History and culture of Central American nations on stamps – pt. 1

» Email » Print
» Add comment

Lately I’ve been expanding my knowledge about culture and history of Mexico and Central American nations by reading few books about the subject. The reason for this is simply the hunger to know/understand more about the topics, events and characters displayed on stamps of these countries. This write-up is not a history lecture per se, but more of a stamp illustrated list of various historical tidbits I find interesting.

Let’s begin with early steps of civilization… I confess I never really knew (or had blissfully forgotten) that America was the last continent inhabited by man. This happened only about 40,000 years ago in north, and southern tip of Chile was reached as late as only 9,000 years ago.

US 1991.  First Americans crossed over from Asia.

US 1991. First Americans crossed over from Asia.

I think the era most people recall and recognize best from Central American history are the great Indian civilizations, especially the Mayas and the Aztecs. But I never really understood the real size/extend of these cultures – for example the Toltec culture covered an area from Mexico to Nicaragua. That’s a huge achievement considering the conditions and means people had for moving around.

1965 Nicaragua.

1965 Nicaragua.

The arrival of white man and the era of Spanish colonialism are very controversial era in history of Central America. In a way I am not surprised that the postage stamps do not give much tribute to acts of Cortes and his fellow conquistadors. Instead, ‘gentler’ stories from this era appear on quite many stamps. Take for example the Bartolomé de las Casas who is displayed on below Guatemala stamp. He was a former conquistador, who turned into priest and early human rights activist. He even went to extreme lengths of creating the worlds first Utopian community while trying to battle against slavery of Indians:

1962/75 Guatemala. Bartolomé de las Casas - protector of Indians.  Michel 679 C (perf 12½) and 679 D (perf 13½).

1962/75 Guatemala. Bartolomé de las Casas - protector of Indians. Michel 679 C (perf 12½) and 679 D (perf 13½).

I have often wondered why most Central and South American countries have Spanish relations (with the exception of Brazil and few others), until I finally learned about the treaty of Tordesillas. In 1494 the crowns of Portugal and Spain (Castile) agreed to divide all the land on Earth (outside of Europe of course) between the two of them, irrespective of who was already living there. Pope Alexander VI draw an imaginary (pole-to-pole) line at 370 leagues from the Cape Verdes (because no land had yet been officially discovered outside that range). All land west of this line was appointed to Spain leaving eastern parts to Portugal.

1994 Spain. 500th anniversary of Treaty of Tordesillas.

1994 Spain. 500th anniversary of Treaty of Tordesillas.

Of Central American nations, the only exception to this is Belize (former British Honduras). It used to be Spanish property too, but colonial rivalry between Spain and Britain finally led to fact that it became the only country in central America to fall under British regime and laws.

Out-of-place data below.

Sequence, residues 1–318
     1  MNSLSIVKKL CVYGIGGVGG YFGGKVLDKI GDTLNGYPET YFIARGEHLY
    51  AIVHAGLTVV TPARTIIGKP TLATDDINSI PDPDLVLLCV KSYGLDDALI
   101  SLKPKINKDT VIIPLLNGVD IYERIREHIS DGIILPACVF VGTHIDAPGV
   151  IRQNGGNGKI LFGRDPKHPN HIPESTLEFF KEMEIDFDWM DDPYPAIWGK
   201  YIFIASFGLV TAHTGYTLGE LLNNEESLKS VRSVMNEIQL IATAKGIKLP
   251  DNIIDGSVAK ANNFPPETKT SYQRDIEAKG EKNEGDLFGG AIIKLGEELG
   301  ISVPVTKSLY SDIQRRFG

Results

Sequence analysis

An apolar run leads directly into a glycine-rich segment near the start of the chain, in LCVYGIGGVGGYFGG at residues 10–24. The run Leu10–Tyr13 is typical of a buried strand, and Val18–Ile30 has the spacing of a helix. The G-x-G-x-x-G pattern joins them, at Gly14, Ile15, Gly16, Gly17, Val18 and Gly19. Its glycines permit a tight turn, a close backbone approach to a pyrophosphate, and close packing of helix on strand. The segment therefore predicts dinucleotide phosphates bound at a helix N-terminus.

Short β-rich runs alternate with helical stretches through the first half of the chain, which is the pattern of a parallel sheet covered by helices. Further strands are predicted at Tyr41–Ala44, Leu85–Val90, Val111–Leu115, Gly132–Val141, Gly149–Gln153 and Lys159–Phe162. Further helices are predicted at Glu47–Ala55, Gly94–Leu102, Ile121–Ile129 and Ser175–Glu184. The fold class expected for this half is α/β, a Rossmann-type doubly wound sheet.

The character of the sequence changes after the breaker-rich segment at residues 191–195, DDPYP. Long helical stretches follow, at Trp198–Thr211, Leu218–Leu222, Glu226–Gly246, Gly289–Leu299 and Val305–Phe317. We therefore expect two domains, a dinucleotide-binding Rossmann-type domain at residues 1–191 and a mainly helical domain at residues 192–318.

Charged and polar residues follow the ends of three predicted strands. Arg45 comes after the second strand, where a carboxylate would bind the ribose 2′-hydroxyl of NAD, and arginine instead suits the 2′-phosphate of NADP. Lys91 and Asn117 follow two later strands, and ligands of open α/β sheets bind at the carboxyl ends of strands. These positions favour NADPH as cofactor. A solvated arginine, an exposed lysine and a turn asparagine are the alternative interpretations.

To be continued… As usual, feel free to contribute your thoughts, opinions and comments.

Show that you liked this article

Support the blog - become a premium member for 12.40€!

By joining Stamp Collecting Blog Premium membership programme, You can support this blog and quarantee that articles like this (and 300+ others already available) remain freely accessible to every stamp collector. Additionally, you can download some of the blog contents as downloadable eBooks (pdf) and You can opt out of ads for period of one year. Read more and sign up now!

Subscribe to free newsletter

Click here to subscribe the weekly newsletterSign-up to SCB newsletter and get notified when new articles like the above are published at Stamp Collecting Blog. The email-newsletter is sent to Your inbox one to four times a month, and it contains a summary of new entries and discussions on the blog.

Your email address:

There are 19 responses for this entry, click to read the responses.

Leave a new response

All responses are moderated before publishing. Responses should be respectful of other voices in the discussion and remain on topic. All buy/sell messages will be deleted, as well as questions about stamp values (you can always get yourself a stamp catalog, or get your stamps valued). Stampcollectingblog.com reserves the right to edit or delete comments that violate these policies. If You want to share an picture/photo, simply write the entire URL of the photo in the comments field.

And finally... A small IQ test. Please click the picture that is NOT a postage stamp. Then press the "Submit Comment" button below images.

Stamp imageStamp imageStamp imageStamp image

Latest comments on the blog

View more...

All original content and images of this blog is under copyright protection; any kind of reproduction of full contents without permission of the owner is hereby denied. All Rights Reserved © Keijo Kortelainen, 2009-2014. All photos of stamps in this blog are enlargements or reductions of original stamps from private collection of author of the blog (unless otherwise stated). The designs of stamps and postmarks are copyright of issuing postal authorities and their designers. The comments / discussion on this blog are copyright of their retrospective authors, and represent the opinion of their authors. Catalog numbers (Scott, Michel, SG etc) are the copyrighted property of their publishers. | See our privacy policy